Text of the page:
Exploratory Data Analysis With Pandas Profiling

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Last Updated on November 19, 2021 by Jay

In this short tutorial, we’ll learn about a data exploratory library – pandas profiling. It’s kinda like the .describe() method in pandas, but much better.

We can use pip install to get the library.

pip install pandas-profiling

Set up coding environment

For this tutorial, we will use Jupyter Notebook, which is also recommended by the pandas_profiling official documentation.

If you don’t want to bother with a virtual environment, go ahead install pandas-profiling system wide on your computer. If you want to follow best practices and use a virtual environment, do the following:

  1. Create a virtual environment
  2. pip install pandas-profiling ipykernel ipywidgets
  3. Link ipykernel with the virtual environment
  4. Start coding

Check out this tutorial on how to set up Jupyter Notebook and Virtual Environment. If you don’t want to use the Jupyter Notebook environment, scroll down to the bottom of this tutorial to see how to generate the report as a file.


We are going to use the gapminder dataset which contains years and life expectancy for countries around the world.

import plotly.express as px
from pandas_profiling import ProfileReport

df = px.data.gapminder()

To get a feeling of what’s inside the dataset:

Let’s now put the dataframe into pandas_profiling to generate a report.

profile = ProfileReport(df, title="Pandas Profiling Report", explorative=True)

In a few seconds, we should see a Pandas Profiling Report generated in our notebook. There are a few sections in the report: Overview, Variables, Interactions, Correlations, Missing values, Sample.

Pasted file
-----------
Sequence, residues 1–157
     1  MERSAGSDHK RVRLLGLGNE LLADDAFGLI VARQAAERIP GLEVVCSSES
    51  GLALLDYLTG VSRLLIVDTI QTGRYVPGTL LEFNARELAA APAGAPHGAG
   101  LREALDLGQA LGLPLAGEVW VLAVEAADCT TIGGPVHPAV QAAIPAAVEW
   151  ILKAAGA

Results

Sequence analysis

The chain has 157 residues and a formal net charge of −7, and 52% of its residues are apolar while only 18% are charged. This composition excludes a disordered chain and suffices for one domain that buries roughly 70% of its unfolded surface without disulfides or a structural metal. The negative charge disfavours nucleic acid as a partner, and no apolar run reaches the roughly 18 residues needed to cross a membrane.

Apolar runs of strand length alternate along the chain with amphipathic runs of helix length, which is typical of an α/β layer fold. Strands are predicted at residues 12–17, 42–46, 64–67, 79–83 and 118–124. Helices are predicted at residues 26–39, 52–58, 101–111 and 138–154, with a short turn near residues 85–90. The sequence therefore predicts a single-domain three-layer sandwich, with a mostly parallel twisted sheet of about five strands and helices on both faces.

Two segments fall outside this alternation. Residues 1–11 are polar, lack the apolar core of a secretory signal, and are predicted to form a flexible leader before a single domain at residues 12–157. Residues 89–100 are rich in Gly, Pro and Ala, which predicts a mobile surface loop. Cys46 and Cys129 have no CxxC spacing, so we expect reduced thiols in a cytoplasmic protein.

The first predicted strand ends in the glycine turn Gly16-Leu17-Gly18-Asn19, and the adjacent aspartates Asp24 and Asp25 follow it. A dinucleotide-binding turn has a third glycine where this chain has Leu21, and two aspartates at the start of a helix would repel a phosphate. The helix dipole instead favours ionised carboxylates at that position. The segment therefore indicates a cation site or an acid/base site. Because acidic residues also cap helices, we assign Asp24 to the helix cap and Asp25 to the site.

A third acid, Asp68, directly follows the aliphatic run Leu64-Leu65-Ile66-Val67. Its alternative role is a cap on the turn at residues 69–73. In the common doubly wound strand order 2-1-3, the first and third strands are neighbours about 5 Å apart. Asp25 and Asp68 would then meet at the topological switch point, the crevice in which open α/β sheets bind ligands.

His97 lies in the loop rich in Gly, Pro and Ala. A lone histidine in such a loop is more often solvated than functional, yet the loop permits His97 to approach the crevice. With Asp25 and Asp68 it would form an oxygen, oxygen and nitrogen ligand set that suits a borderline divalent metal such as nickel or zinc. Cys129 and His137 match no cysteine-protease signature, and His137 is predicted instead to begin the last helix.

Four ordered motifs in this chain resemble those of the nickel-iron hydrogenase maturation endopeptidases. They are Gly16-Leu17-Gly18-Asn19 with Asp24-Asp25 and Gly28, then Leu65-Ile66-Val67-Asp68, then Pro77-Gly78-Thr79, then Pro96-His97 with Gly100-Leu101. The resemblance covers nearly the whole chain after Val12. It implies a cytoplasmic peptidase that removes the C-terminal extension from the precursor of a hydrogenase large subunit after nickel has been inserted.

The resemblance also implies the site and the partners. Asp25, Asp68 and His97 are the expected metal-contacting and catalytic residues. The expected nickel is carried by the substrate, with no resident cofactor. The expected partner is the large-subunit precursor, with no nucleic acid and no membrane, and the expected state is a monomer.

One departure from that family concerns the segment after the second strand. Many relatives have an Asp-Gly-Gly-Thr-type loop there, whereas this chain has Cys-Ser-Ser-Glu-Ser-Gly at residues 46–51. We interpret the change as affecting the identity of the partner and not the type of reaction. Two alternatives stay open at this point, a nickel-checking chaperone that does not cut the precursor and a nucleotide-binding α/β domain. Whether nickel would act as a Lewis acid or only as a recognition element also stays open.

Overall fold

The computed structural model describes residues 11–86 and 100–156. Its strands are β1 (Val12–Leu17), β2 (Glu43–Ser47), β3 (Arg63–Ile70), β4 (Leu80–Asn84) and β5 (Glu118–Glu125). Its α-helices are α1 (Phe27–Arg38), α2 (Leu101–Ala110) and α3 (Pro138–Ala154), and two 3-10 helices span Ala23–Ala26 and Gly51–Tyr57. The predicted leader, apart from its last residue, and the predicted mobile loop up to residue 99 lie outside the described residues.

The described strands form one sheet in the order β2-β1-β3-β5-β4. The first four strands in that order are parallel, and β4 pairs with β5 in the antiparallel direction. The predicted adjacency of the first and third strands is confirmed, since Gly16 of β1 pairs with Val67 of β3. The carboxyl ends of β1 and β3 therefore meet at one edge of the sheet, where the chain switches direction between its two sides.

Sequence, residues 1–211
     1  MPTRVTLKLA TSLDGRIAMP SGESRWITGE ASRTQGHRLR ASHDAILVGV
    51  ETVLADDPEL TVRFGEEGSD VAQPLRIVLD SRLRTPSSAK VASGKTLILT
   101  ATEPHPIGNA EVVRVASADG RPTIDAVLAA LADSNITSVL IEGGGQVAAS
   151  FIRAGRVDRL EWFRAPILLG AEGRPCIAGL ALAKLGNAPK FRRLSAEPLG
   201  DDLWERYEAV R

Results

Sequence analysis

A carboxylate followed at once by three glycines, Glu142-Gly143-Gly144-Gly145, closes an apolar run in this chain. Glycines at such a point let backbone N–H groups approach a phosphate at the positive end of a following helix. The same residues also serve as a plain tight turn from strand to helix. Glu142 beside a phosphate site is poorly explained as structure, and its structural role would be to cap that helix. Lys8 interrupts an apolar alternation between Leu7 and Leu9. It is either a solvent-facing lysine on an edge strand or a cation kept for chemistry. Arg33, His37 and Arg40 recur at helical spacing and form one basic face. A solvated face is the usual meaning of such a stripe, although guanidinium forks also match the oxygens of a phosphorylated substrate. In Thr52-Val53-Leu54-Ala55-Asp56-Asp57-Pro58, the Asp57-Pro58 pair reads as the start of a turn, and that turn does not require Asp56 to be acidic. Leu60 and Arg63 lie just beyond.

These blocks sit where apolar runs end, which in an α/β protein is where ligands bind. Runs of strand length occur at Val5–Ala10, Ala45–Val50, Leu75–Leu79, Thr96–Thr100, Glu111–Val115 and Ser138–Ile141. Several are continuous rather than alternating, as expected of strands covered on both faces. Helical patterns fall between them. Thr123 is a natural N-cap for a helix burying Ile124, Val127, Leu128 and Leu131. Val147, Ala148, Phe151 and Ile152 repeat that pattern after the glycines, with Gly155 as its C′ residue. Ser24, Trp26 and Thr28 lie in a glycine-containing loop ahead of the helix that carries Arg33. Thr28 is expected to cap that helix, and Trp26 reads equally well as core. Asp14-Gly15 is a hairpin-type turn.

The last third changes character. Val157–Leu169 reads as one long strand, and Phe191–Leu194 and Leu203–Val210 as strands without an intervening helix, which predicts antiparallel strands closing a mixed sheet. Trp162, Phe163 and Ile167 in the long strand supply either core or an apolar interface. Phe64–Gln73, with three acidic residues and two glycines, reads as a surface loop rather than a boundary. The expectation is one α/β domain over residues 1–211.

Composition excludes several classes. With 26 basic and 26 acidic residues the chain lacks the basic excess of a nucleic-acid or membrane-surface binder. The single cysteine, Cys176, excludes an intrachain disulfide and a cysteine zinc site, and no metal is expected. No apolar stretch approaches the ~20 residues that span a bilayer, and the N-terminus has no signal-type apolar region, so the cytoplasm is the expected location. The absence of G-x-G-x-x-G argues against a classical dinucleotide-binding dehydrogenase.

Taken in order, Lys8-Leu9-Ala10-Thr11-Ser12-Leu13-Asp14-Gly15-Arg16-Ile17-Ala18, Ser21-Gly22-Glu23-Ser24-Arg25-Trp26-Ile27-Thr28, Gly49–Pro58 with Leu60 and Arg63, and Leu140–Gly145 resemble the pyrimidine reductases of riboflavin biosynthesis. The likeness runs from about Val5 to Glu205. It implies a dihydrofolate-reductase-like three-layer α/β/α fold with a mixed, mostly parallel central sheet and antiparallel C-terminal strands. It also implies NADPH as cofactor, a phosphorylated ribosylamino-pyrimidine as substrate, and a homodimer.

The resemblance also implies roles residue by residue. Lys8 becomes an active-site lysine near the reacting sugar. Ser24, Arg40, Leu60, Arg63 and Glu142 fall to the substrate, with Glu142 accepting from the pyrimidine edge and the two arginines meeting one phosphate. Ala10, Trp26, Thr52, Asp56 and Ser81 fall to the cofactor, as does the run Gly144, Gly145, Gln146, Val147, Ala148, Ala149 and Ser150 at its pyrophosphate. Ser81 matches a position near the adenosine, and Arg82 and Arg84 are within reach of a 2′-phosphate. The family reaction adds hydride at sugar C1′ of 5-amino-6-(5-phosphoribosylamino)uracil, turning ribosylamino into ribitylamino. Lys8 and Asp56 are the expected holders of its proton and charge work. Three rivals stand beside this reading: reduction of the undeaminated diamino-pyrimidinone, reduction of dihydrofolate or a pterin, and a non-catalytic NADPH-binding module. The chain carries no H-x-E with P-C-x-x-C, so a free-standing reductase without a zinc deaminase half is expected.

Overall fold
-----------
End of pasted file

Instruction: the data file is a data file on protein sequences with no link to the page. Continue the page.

The Overview section gives a high-level overview of the dataset, including the number of variables (columns), number of observations (rows), the kind of variable types.

The Variables section shows some details about each variable, for example, the number of distinct values, the number of observations for each value, etc.

For each of the variables, we can “Toggle details” to do a deeper dive into a specific data column.

The Interaction section is a quick data visualization. We can switch around the x and y-axis to see how one variable can affect another.

The Correlations section shows a correlation matrix with different coefficient calculations.

The Missing values section highlights the number of missing (null) values for each data column.

Last but not least, the Sample section shows the top 10 and bottom 10 sample data.

After reviewing this report, we can get a pretty good understanding of the data at hand.

Large Datasets

For large datasets, we can use a minimal=True argument to make to shorten profiling report generation time.

profile = ProfileReport(df, title="Pandas Profiling Report", minimal=True)

Save profiling report as a file

So you don’t want to use the Jupyter Notebook environment, that’s totally fine. We can still use pandas_profiling and generate a report as a webpage HTML file.


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